Continuing with the upstream portion of the super frame interval of the embodiment illustrated in FIG. 8, shown next is RFR sub-interval 703. As mentioned above, ones of user terminals 101-105 needing access to shared medium 100 (e.g., as indicated in NFA sub-interval 702) and which will be granted access (e.g., as indicated in RFR schedule sub-interval 707) will send request for resource messages (e.g., including resource requirement information such as station n and data frame length k) in accordance with information provided by messages in RFR scheduling sub-interval 707.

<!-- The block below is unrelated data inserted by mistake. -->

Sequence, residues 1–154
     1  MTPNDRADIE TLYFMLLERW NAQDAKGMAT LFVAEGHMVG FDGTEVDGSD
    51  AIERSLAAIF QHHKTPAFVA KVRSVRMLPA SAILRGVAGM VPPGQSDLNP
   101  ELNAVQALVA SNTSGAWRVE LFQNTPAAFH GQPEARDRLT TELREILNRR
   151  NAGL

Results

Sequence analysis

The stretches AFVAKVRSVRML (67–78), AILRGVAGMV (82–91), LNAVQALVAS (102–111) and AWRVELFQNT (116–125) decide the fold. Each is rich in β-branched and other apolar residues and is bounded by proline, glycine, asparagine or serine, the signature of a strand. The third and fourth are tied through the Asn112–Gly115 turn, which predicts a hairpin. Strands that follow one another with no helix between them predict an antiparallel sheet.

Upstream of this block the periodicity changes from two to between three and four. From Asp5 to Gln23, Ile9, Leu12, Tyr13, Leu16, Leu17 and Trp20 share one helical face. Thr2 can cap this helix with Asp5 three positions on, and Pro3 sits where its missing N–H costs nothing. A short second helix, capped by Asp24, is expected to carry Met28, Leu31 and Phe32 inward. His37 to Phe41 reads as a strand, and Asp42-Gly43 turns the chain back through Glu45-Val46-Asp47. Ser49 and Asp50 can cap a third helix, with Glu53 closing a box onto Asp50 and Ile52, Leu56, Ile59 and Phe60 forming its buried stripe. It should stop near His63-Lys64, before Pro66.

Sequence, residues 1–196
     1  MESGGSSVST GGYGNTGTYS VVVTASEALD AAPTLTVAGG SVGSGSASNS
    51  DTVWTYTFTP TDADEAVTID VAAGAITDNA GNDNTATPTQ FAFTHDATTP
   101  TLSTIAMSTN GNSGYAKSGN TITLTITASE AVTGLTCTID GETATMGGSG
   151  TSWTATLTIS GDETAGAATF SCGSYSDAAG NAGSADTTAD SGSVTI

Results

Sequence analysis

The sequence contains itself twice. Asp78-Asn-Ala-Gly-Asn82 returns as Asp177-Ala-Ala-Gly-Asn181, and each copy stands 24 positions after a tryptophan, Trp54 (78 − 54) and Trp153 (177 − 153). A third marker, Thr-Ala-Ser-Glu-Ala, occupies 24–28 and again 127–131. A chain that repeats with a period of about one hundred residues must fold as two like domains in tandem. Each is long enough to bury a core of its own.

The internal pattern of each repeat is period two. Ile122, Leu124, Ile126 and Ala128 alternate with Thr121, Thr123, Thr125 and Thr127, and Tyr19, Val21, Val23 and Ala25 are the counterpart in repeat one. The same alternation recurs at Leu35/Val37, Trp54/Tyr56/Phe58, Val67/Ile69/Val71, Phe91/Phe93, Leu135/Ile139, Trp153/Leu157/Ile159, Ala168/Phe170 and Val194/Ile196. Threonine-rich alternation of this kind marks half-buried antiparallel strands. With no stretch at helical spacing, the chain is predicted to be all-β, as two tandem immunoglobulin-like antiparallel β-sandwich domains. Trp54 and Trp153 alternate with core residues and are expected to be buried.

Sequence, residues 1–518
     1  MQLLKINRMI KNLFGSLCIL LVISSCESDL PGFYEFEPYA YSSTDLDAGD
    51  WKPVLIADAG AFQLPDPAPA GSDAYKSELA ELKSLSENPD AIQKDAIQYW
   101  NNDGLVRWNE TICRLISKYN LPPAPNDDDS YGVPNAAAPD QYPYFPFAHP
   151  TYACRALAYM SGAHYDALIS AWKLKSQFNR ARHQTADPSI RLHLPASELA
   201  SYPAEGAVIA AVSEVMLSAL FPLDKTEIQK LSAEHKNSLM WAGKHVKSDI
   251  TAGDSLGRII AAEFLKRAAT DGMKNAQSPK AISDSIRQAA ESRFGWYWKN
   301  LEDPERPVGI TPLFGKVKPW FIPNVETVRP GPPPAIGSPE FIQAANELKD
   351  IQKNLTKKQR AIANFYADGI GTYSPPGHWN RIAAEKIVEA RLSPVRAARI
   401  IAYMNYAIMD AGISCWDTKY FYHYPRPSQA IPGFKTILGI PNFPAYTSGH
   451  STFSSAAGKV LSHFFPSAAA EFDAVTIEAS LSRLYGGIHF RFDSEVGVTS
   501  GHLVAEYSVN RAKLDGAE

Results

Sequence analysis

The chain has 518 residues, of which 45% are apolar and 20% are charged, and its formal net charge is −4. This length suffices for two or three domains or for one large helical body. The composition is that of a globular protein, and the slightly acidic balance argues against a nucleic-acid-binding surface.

In operation according to a preferred embodiment, the order of sending data frames in data frame sub-interval 706 and/or data frame sub-interval 705 is the same as the station order in NFA sub-interval 702. After a station has transmitted a need for access in NFA sub-interval 702, the station waits for scheduling information provided by RFR schedule sub-interval 707 that indicates when the station's request for resources message should be submitted in RFR sub-interval 703. After a station has transmitted a request for resources in RFR sub-interval 703, the station waits for scheduling information provided by WTS sub-interval 704, which provides instructions as to when to send the data frame in a subsequent (e.g., next) super frame interval. The stations preferably provide an acknowledgment message in ACK sub-interval 802 for downstream data frames received in the same super frame interval. The order of acknowledgment messages in ACK sub-interval 802 is preferably the same order as the data frames sent.